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In the toughest year for hitters since 1972 and a season in which five no-hitters were thrown in the first 11 weeks, it's the youngest of stars who are leading the resistance. Rookie outfielders Bryce Harper, 19, of the Nationals and Mike Trout, 20, of the Angels have quickly emerged as among the game's most exciting players.
Rarely does a player so young break into the big leagues with so immediate an impact. Almost never do two such players come along at the same time. At week's end, Harper (eight home runs) and Trout (nine) are on pace to become only the third pair of 20-or-younger players to hit 15 homers in the same season, joining Hall of Famers Mickey Mantle and Eddie Mathews, in 1952, and Jason Heyward and Giancarlo Stanton, in 2010.
The first half of the season was defined by what's new. The Nationals, White Sox, Reds, Pirates, Mets, Braves and Orioles are serious playoff contenders (combined postseason series wins over the previous five years: zero). Attendance is up 7.1%, and nowhere more than at the lavish new playpen in the aspiring baseball town of Miami. The Dodgers and the Mets have emerged from financial abyss into contention, with New York even getting its first no-hitter in its golden-anniversary year. And one of the best rookie classes in years is loaded with players who are as fascinating as they are good: Harper, Trout, Rangers pitcher Yu Darvish, A's outfielder Yoenis Cespedes, Diamondbacks pitcher Trevor Bauer, Rays pitcher Matt Moore, Red Sox third baseman Will Middlebrooks and Cubs first baseman Anthony Rizzo.
What will the second half bring? One of the safer predictions for an unpredictable season is that Harper and Trout will win the Rookie of the Year awards, with apologies to the other aforementioned players, as well as Oakland pitchers Jarrod Parker and Ryan Cook, Arizona pitcher Wade Miley and Colorado catcher Wilin Rosario.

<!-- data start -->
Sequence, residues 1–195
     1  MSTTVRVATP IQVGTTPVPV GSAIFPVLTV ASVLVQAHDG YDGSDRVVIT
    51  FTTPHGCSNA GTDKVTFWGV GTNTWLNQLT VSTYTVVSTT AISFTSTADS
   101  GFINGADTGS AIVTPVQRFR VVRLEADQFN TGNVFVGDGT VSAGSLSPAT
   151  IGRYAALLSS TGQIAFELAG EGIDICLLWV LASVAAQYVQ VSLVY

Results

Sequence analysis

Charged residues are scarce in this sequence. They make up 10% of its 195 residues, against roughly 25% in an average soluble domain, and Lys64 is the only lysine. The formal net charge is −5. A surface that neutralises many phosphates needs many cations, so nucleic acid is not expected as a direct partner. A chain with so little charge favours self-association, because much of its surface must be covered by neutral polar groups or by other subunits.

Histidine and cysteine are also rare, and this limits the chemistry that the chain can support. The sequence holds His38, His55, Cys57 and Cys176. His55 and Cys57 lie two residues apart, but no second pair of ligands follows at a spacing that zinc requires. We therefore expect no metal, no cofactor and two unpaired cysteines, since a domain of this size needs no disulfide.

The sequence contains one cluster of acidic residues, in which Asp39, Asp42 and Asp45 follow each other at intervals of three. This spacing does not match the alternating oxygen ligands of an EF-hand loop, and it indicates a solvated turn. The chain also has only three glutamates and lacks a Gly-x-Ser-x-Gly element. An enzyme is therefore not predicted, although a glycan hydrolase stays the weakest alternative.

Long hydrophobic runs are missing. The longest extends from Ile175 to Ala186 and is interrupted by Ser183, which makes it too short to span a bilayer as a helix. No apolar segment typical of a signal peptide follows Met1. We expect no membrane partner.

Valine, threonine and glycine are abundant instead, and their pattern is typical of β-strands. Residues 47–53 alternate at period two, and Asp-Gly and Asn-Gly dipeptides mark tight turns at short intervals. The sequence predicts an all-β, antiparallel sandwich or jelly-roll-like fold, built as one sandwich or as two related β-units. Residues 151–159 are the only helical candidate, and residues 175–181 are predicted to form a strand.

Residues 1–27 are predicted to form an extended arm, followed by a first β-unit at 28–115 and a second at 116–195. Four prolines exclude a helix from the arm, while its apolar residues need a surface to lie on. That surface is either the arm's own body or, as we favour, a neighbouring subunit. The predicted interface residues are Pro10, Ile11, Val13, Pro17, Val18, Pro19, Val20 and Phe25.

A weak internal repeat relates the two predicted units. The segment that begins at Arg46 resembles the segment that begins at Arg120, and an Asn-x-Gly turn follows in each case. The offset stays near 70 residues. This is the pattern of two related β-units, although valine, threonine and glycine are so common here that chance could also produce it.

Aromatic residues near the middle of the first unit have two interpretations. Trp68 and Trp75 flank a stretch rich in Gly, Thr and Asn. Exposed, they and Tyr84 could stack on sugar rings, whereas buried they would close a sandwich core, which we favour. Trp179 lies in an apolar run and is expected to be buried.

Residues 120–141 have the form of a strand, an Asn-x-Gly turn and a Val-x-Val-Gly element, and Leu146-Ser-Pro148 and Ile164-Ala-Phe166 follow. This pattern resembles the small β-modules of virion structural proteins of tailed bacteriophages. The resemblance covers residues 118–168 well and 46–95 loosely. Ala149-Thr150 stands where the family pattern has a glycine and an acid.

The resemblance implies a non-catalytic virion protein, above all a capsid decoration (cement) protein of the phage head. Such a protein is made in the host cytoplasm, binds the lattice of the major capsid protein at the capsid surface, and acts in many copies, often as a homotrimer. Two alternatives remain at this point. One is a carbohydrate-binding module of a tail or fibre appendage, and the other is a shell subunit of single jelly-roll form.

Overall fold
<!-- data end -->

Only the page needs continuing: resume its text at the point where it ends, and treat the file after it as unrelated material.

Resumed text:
Trout will also get support for even greater recognition, but the AL MVP belongs to Robinson Cano, the Yankees' second baseman. The NL MVP award will be a runaway for Joey Votto, the Cincinnati first baseman who leads the league in on-base (.471) and slugging percentages (.632), times on base (156), WAR (4.8), walks (60), extra-base hits (47) and doubles (33)—so many doubles, in fact, that he will threaten the record of 67 by Earl Webb that has held up since 1931.
It has been almost that long—since 1933—that Washington saw postseason baseball, but the district's wait ends this year when the Nationals win the NL East. Borrowing from the 2010 Giants' version of tortured baseball, the Nats have the pitching to overcome an offense that is feeble but figures to improve.
The club will have to make do down the stretch and the postseason without its ace, Stephen Strasburg (9--3, 2.81 ERA). He'll make only about 12 more starts before he reaches the same limit the Nats gave fellow Tommy John patient Jordan Zimmermann last year: about 160 innings. One big difference is that the Nats were 22½ games out of first when Zimmermann threw his final pitch of 2011 on Aug. 28; they are 3½ games ahead now.
Forty miles up the beltway, the Orioles (42--36) can't hold up in the AL East but will reach .500. So will the Pirates (42--36), and their first winning season in 20 years will set off celebrations in Pittsburgh.
The White Sox (42--37) are a true contender thanks to Comeback Player of the Year Adam Dunn, but the Tigers are due to make a run and will win the AL Central. They play their final 16 games against also-rans Oakland, Minnesota and Kansas City.
The Dodgers, under new ownership, will make the biggest splash at the trade deadline to keep their season from unraveling. Los Angeles (44--36) is wobbling after a schedule-friendly 30--13 start; L.A. still must play 19 of its 23 Eastern-time-zone games and won't catch the Giants. Among the potential gems on the trade market are pitchers Zack Greinke, Matt Garza, Ryan Dempster and Francisco Liriano and hitters Carlos Lee and Carlos Quentin.